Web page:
March 2017 | Music Trades Digital Magazine
Tom Bedell recently spent some time visiting with folks at Music Trades at the 2017 Winter NAMM show. Bedell explained the nuances of the new Sound Profiling and Hand Tuning program. In this short excerpt from the digital version of the magazine, they dig into this fascinating new technology and how it is revolutionizing the guitar building process at Bedell Guitars.
WHAT’S THE DIFFERENCE BETWEEN a hand-built and a factory-built guitar? Typically, a factory guitar is produced to a precise set of dimensions, with the thickness of the top, back, and sides held to a consistent spec. With a hand- built guitar, luthiers exploit the unique character of each piece of wood, shaving some thinner, some thicker, to optimize resonance. The guitar builders at the Breedlove and Bedell facility in Bend, Oregon are bringing the hand-built approach to the factory floor with a new “Sound Profiling” technology.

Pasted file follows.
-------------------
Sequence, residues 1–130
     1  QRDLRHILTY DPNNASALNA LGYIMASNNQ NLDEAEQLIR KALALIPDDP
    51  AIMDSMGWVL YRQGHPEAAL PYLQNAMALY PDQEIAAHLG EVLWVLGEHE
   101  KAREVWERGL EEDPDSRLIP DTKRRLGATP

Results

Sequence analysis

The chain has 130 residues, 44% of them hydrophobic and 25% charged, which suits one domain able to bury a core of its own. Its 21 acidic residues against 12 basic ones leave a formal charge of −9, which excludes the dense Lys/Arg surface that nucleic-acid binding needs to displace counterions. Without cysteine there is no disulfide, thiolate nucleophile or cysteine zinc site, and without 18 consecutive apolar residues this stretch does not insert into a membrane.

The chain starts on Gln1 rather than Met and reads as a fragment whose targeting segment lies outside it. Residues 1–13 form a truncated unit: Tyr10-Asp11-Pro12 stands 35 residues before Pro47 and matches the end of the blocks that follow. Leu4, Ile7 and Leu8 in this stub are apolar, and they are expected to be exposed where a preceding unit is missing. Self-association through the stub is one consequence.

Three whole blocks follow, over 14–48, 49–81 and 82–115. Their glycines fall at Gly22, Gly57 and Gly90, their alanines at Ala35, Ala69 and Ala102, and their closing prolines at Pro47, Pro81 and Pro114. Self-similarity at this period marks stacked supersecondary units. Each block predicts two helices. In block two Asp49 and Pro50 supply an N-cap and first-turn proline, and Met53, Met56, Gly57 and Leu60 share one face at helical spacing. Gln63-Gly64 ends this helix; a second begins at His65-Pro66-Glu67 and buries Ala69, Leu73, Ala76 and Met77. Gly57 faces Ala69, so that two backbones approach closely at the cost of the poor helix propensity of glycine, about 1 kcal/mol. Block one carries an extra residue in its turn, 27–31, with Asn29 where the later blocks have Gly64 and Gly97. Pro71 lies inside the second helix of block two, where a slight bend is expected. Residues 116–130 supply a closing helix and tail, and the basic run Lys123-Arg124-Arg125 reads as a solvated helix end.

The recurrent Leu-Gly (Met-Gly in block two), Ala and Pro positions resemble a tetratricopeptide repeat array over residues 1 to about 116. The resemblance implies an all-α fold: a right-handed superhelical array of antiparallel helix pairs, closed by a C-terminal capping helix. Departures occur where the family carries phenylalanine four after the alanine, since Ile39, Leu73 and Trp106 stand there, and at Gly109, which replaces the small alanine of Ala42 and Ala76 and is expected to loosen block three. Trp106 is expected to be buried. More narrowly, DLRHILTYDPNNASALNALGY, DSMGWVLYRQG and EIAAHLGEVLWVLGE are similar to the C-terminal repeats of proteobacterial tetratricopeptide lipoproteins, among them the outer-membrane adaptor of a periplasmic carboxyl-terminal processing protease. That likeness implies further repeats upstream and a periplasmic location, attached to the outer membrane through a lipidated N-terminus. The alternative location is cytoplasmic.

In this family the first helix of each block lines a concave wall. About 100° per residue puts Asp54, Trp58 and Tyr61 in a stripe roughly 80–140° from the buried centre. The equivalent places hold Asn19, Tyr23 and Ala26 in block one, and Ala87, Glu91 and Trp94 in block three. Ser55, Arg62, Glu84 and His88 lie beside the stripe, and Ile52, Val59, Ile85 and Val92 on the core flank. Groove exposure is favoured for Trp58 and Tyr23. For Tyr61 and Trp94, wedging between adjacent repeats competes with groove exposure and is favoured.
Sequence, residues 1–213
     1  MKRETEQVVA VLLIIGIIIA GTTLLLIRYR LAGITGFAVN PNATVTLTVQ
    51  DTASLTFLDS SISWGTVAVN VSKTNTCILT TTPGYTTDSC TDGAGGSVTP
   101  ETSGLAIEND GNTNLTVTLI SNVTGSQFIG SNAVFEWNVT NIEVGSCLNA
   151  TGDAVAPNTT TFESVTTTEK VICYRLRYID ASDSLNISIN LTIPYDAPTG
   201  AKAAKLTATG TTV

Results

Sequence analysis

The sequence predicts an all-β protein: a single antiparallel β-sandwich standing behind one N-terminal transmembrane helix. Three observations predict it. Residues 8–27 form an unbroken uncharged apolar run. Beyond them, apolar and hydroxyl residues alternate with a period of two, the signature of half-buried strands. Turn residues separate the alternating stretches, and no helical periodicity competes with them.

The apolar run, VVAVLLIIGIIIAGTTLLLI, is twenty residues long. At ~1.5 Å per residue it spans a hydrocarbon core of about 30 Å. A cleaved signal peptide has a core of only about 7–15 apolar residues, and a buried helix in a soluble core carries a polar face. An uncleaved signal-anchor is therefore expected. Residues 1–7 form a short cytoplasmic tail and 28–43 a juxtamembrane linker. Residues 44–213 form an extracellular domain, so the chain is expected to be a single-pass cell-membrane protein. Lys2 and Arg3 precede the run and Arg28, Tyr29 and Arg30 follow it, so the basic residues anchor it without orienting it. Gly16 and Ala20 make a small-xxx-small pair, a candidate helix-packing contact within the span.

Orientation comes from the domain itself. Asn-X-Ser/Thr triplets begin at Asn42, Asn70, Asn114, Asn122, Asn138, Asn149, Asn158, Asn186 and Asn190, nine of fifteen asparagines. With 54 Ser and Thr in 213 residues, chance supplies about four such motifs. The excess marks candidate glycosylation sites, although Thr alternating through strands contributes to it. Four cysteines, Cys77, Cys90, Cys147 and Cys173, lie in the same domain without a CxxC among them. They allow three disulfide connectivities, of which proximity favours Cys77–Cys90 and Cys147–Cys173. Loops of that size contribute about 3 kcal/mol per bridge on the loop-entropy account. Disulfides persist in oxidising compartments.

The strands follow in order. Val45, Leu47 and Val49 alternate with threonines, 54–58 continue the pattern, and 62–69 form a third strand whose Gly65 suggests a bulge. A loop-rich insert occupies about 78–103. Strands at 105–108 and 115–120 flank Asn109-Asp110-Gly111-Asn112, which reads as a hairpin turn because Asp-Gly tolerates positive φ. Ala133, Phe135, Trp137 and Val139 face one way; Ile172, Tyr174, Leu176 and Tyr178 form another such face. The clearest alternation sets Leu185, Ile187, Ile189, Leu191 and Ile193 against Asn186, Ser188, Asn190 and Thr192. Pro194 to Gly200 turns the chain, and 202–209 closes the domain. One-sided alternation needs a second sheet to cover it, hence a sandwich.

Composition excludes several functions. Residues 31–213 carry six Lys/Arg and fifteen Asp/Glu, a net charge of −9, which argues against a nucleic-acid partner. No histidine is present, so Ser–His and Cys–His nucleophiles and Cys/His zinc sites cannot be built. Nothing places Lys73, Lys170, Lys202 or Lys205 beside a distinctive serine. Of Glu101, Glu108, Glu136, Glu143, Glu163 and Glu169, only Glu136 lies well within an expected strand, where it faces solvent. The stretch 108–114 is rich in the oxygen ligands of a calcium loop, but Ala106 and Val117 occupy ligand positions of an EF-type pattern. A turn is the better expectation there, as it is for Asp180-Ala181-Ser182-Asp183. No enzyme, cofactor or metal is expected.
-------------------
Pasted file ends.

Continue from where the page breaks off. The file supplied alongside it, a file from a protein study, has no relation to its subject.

The inspiration for Sound Profiling came as Tom Bedell, CEO, began visiting forests around the world in search of sustainable tone woods for his guitar factory. Seeing up close the enormous variations in growing conditions in even a single forest convinced him that wood was inherently inconsistent. “Every piece of wood has its own character.
Like people, they are all different,” he said. From this revelation, he decided to redesign his construction process around the character of the wood, resulting in “Sound Profiling.” While luthiers evaluate wood by flexing or tapping it, Sound Profiling involves a more precisely quantifiable approach. Blanks for spruce tops, or rosewood, mahogany, or bloodwood backs and sides are weighed and measured for resonance and flexibility. The measurements are to determine an optimal thickness. Stiffer, denser wood is planed to a thinner dimension; softer, more flexible wood is left thicker. Tops and backs are also matched to optimize performance.
The raw materials handling department at the Bedell/Breedlove operation is out- fitted with precise measuring equipment and a computer that generates columns of numbers that define the personality of each piece of wood. Players may not grasp what the numbers mean but, Bedell said, they will appreciate the finished product. “We’re making the best sounding guitars we ever have,” he added.